Monday, July 26, 2010

Trusting the process

Blue hubbard squash patch

For the first time ever I tried to grow blue hubbard squash.   We love winter squash and usually grow butternuts but this year I wanted to grow those huge 20 - 40  pounders too.  In early May I made a big mound that had been enriched with lots of compost, rich with aged goat and chicken  manure.   I watered dutifully and waited for the seedlings to pop their little heads from the soil.  After the seeds germinated  they grew like weeds with these huge beautiful leaves.   And they continued to grew until they over an took area, far larger than I hd anticipated.   But that was ok....I wanted those huge squash and it evidently takes a huge area to produce them.    

In the meantime, I had to wait on the butternuts to go in because we had a tree coming down that needed to be felled right where they were going.   The tree man wasn't able to get here for a month so the butternuts were way behind the hubbards going in.     The butternut came up and they too and did very well as they always do.    Lots and lots of flowers on both.  Then I got the little baby fruits on the hubbard.    They would get no bigger than a ping pong ball and turn yellow and shrivel up.   I wondered if there were enough bee's around and if they were getting pollinated.    I still watered, nurtured and waited.    Then  the butternuts started getting little baby squashes too.   But those were being pollinated because they were going on to be squashes.  Hummm....Still I watered and watched. 


Butternut squash

We walked through daily and squashed all the squash bugs we could find. We turned leaves over for eggs and smooshed them too.   Still, I thought maybe there are no squashes because it's a bigger plant and  it was going to take longer.    I went and looked in the Johnny seed catalog to see what it said about growing blue hubbard.   I only had the current catalog and the seeds had been from the year before but had not been planted until this year.   Johnny's catalog said  "Sorry, no seed available this year".    Ok...they must have had a crop failure and that would have been the same seed I'm not getting to fruit and I'm not going to get any squashes from these plants either this year. 

 I was disappointed.   I considered pulling the whole thing out because I could use that area for pea's instead of wasting it on this massive vine that wasn't going to do anything.   But I didn't.    And then we saw a fruit that didn't turn yellow.   Yay...we were going to get at least one.   But there were even more.  It's got at least a half dozen squashes!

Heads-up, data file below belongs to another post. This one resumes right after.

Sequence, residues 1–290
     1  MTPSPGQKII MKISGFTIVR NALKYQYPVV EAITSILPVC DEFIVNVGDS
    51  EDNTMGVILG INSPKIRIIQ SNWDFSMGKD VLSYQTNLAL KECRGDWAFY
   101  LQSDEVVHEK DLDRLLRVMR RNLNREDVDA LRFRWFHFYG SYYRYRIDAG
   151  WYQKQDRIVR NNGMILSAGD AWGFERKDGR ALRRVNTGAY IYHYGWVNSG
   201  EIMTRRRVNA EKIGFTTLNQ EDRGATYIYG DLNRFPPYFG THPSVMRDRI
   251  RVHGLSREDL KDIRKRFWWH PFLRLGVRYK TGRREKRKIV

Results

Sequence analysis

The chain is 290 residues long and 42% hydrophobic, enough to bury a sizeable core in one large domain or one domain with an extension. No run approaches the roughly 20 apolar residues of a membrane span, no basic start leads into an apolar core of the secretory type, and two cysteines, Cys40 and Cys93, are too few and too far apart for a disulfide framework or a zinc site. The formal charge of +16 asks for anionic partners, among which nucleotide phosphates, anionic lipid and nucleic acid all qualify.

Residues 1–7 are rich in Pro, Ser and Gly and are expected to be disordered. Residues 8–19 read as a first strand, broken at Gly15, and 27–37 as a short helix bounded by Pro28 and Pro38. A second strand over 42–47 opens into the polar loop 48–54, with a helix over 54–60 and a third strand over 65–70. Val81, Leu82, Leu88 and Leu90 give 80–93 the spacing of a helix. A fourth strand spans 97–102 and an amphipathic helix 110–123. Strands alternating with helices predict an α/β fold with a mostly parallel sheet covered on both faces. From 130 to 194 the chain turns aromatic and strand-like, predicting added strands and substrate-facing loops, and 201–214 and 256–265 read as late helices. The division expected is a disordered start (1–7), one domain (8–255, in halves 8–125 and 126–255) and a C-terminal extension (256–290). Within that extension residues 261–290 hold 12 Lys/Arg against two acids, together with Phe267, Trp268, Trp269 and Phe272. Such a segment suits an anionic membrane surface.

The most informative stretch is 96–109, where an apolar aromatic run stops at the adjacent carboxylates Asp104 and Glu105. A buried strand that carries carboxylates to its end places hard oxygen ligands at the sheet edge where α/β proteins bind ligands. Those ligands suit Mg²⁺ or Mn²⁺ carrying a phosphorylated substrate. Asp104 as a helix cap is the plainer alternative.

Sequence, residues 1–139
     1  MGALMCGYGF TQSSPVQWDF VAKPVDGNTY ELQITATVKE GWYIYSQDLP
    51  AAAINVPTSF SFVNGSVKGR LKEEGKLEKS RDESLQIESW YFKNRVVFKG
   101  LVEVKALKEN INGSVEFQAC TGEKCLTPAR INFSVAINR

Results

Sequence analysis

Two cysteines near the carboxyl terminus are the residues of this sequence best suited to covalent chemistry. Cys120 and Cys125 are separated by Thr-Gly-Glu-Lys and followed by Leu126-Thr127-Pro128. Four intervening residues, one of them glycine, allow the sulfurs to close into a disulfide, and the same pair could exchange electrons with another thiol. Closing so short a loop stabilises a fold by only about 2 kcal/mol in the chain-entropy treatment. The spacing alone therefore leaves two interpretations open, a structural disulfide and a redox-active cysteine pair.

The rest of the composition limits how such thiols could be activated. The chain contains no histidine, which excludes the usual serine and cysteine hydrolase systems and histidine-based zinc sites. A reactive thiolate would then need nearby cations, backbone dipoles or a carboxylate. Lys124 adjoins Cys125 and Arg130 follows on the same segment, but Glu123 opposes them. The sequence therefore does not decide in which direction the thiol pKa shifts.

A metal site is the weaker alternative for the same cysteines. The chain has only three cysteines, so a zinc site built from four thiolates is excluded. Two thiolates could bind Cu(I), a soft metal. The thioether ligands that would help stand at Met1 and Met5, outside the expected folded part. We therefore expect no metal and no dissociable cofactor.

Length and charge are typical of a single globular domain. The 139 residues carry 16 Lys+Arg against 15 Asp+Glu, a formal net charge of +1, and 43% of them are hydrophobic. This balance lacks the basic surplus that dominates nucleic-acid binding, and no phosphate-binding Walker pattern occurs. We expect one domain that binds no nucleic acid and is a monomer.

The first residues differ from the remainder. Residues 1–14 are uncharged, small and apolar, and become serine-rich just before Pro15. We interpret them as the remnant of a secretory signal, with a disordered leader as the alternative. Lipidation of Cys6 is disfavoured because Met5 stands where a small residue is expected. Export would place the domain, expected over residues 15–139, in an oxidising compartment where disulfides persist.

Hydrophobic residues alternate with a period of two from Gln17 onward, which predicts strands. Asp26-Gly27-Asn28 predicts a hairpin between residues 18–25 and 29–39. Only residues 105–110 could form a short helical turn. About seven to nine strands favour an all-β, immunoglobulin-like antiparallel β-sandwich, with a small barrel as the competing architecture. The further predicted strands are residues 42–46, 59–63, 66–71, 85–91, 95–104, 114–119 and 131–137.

Blue Hubbard squash

So why do I do this to myself every time I grow something new?   It starts out so optimistic but somewhere along the line I forget to trust the process.  I think I and my influence is more important than it is and that I hold the key to life and death for this plant.   I forget that nature isn't quite that fragile and that if I am doing things even half way right nature will take care of the rest.    I just need to remember to relax and trust the process.   Oh, if I could just remember this next time.


  1. Gardening is a growing process, but not just for the plants. :) I love your lesson learned..."relax and trust the process". Thanks for sharing!

  2. It can be difficult to trust the process, especially when valuable garden area is being taken up by a plant whose performance is in question. Aren't you glad you waited though? Your squash is looking great (as is your butternut too). Can't wait to see it all full grown!

  3. Your so's hard to trust the process when your short on space but I am really glad I didn't pull it up.

  4. Hello Elizabeth. I found your blog through blotanical. A comprehensive write up on the squashes. 20-40 pounders! I had no idea there was such a thing as a squash beetle.
    V nice blog.

  5. Thanks Catherine. I understand they can be even larger. I thought one or two of those would be like growing a bunch of smaller ones and rather fun for a change. Mashed and frozen, we'ld have winter squash for quite some time.

  6. I find myself doing the same thing every year. This year, we too have a pumpkin vine that has taken over the garden, yet I have not seen but one fruit. I finally decided to stop looking. What happens,happens. Perhaps I will be pleasantly surprised. Perhaps not. I did the same with the tomatoes. Kept saying to hubby that they were not producing many flowers like I thought they should. Suppose I will not be saying that when it is time to process them all!

    We may get much fruit, one fruit or no fruit. But it is all a learning experience.

    I am so glad you will have at least that one fruit. And may you be pleasantly surprised with much more.

  7. Ahh, the lesson that is so hard for all of us to learn - "to relax and trust the process." Gardening teaches us so many life lessons and this might be one of the most valuable.

  8. Lori, I will wish for you many pumpkins! When I get to that place your at...I'm not looking anymore... I am much more content and yes, it's all a learning experience. Not one we always want but evidently one we needed. LOL.

  9. Ginny, Oh so true and very well said.


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